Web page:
3.  Set up Campaigns

If you are doing any kind of online marketing (free or paid) then instead of just linking back to your homepage you can use a trackable link so Google Analytics can group your traffic into different campaigns.

As an example I have a banner add for Informly on another blog, I use the Google URL Builder to build a trackable link by:

  1. Adding my website URL
  2. Adding the campaign source ‘otherblog’
  3. Adding the medium ‘banner’
  4. Adding a campaignname ‘otherblogad’
  5. And clicking Generate URL (you can also use campaign terms if you are setting them up for individual keywords or add the Content field to differentiate between different ads)

Here is how it looks and the link that results that I can use in my ad is:

http://inform.ly/?utm_source=otherblog&utm_medium=banner&utm_campaign=otherblogad


The other bonus with using these trackable links is they are also respected by Kiss Metrics so down the track you can analyse your customers based on what source they came from assuming you are a Kiss Metrics user.

Now it’s not always possible to use campaigns. Sometimes when you add a URL you have to add one that the user sees. For example when you comment on a blo, the owner will be turned off by a trackable link. Or on your profiles you generally can’t put a link that is different to the anchor (i.e. you don’t want that big link above showing on your Twitter profile). There are 2 ways around this. The first is to set up a re-direct.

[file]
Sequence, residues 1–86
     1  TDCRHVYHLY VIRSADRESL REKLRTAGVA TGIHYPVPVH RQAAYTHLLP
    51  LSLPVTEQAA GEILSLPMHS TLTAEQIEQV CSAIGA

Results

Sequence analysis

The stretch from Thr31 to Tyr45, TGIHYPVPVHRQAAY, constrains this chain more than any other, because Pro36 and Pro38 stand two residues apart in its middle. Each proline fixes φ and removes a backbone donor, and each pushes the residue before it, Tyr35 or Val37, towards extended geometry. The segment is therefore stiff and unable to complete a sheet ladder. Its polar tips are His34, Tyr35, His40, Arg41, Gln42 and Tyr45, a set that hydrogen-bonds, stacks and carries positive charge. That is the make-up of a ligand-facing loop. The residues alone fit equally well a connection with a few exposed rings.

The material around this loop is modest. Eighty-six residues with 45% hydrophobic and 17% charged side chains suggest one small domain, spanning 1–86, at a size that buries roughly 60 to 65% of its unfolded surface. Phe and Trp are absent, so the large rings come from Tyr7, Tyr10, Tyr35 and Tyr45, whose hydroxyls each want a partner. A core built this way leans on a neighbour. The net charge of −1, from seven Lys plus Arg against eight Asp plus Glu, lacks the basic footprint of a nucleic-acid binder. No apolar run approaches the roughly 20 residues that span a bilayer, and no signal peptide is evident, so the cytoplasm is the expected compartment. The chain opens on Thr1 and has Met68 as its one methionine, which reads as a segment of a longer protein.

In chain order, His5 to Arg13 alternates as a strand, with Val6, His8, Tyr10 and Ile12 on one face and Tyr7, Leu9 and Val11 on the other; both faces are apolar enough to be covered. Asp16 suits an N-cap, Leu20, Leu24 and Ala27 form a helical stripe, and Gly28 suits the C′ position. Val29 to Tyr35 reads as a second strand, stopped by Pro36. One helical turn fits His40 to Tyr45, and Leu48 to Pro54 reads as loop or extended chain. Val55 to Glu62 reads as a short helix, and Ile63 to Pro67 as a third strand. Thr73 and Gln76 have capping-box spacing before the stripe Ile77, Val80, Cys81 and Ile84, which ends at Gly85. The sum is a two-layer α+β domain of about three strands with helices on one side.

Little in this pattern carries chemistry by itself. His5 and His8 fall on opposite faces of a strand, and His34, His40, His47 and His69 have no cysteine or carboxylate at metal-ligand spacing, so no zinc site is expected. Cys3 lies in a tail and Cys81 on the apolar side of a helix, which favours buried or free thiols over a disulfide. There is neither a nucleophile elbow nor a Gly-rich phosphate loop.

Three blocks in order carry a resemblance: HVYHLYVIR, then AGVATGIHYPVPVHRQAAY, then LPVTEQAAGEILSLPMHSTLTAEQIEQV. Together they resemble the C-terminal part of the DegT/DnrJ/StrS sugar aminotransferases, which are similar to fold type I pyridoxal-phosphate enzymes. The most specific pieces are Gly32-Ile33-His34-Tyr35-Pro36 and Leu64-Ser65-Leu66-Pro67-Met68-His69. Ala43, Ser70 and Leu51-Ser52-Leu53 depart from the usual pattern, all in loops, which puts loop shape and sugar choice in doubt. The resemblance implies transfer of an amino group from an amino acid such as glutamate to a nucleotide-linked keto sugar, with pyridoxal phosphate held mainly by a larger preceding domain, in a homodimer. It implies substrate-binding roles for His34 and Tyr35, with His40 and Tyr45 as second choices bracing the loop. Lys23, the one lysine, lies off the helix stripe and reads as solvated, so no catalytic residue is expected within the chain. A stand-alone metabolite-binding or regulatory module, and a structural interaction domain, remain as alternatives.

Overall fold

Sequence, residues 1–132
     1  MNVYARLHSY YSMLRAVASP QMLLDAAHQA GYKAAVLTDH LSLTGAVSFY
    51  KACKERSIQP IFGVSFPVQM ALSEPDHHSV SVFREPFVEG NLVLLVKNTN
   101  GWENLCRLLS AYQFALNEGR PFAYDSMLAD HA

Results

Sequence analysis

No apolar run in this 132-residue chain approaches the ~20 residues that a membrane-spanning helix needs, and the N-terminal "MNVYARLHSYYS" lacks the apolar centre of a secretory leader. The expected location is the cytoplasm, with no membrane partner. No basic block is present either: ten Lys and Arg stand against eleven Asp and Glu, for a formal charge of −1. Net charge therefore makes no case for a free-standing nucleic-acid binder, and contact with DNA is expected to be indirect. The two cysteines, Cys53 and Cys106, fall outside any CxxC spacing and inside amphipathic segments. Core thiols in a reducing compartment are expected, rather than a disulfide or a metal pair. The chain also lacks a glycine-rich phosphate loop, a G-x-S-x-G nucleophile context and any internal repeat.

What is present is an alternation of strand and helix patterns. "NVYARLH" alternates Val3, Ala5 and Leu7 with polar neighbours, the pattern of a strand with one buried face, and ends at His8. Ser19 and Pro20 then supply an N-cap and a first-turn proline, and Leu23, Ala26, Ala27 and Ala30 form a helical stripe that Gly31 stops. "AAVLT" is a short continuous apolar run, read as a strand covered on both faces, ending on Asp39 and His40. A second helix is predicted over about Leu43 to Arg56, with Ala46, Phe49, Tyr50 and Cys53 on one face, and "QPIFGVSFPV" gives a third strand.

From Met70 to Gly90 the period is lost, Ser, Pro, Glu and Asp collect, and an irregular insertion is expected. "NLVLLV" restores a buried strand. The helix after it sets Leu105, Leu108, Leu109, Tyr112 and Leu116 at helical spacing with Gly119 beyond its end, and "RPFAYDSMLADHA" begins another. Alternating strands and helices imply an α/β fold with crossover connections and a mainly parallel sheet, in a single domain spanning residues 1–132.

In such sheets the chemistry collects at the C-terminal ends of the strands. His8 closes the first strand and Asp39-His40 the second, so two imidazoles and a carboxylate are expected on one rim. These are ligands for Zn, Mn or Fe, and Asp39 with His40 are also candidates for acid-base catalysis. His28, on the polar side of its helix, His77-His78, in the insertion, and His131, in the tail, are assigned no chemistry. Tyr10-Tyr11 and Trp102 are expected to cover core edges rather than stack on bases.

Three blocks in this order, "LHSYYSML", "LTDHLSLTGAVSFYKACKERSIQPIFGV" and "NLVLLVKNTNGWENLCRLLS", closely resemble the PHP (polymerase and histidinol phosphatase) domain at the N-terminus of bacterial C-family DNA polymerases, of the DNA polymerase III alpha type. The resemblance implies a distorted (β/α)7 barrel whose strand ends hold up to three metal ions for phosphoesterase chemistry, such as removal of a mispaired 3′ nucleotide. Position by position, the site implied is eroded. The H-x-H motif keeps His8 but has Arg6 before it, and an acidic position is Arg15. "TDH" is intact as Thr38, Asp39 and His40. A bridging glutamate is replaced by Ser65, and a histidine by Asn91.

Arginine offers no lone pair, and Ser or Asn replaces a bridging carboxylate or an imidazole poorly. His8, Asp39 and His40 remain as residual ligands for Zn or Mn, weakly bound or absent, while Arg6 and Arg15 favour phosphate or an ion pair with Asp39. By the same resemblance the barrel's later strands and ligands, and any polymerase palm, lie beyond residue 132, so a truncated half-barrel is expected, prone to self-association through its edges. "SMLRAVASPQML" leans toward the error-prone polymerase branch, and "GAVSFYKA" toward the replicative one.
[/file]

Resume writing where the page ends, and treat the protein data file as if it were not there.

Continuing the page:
I use the WordPress plugin Simple 301 Redirects for example on my Twitter profile which works as follows:

  1. I generate the trackable link above and call it ‘twitterprofile’
  2. I then go into WordPress and create a re-direct from the page “http://inform.ly/twitter” to the trackable link.
  3. I put “http://inform.ly/twitter” as the URL on my twitter profile.

You can use this a fair bit however realistically you can’t use it for every single link and in a lot of cases if you are putting out a lot of content you will get sick of creating trackable links and re-directs every time you update the various locations you post your content. For this reason and others, I like to use custom advanced segments.

Set up Google Analytics Advanced Segments

I find Google Analytics Advanced Segments more powerful than trackable links because I can use them to compare every single traffic strategy side by side (including campaigns that use trackable links and including strategies that can’t be easily tracked by campaigns).

Setting up the custom segments is a topic in itself and you can check out my detailed step by step guide at Google Analytics Advanced Segments.

Unfortunately custom segments aren’t utilised by Kiss Metrics so where possible it’s good to use campaigns.

Google Analytics Tracking

Setting up is obviously important but there’s no point doing it unless you are going to pay attention to the data, and then take action on it.

I use Informly for a summary of high level Google Analytics data and log into Analytics as well to delve into the details. Here is what I keep an eye on:

Traffic Volume

I still look at traffic volume, particularly month by month comparisons with Informly and the yearly trend. I want to know my traffic is going up and what kind of trajectory I’m on.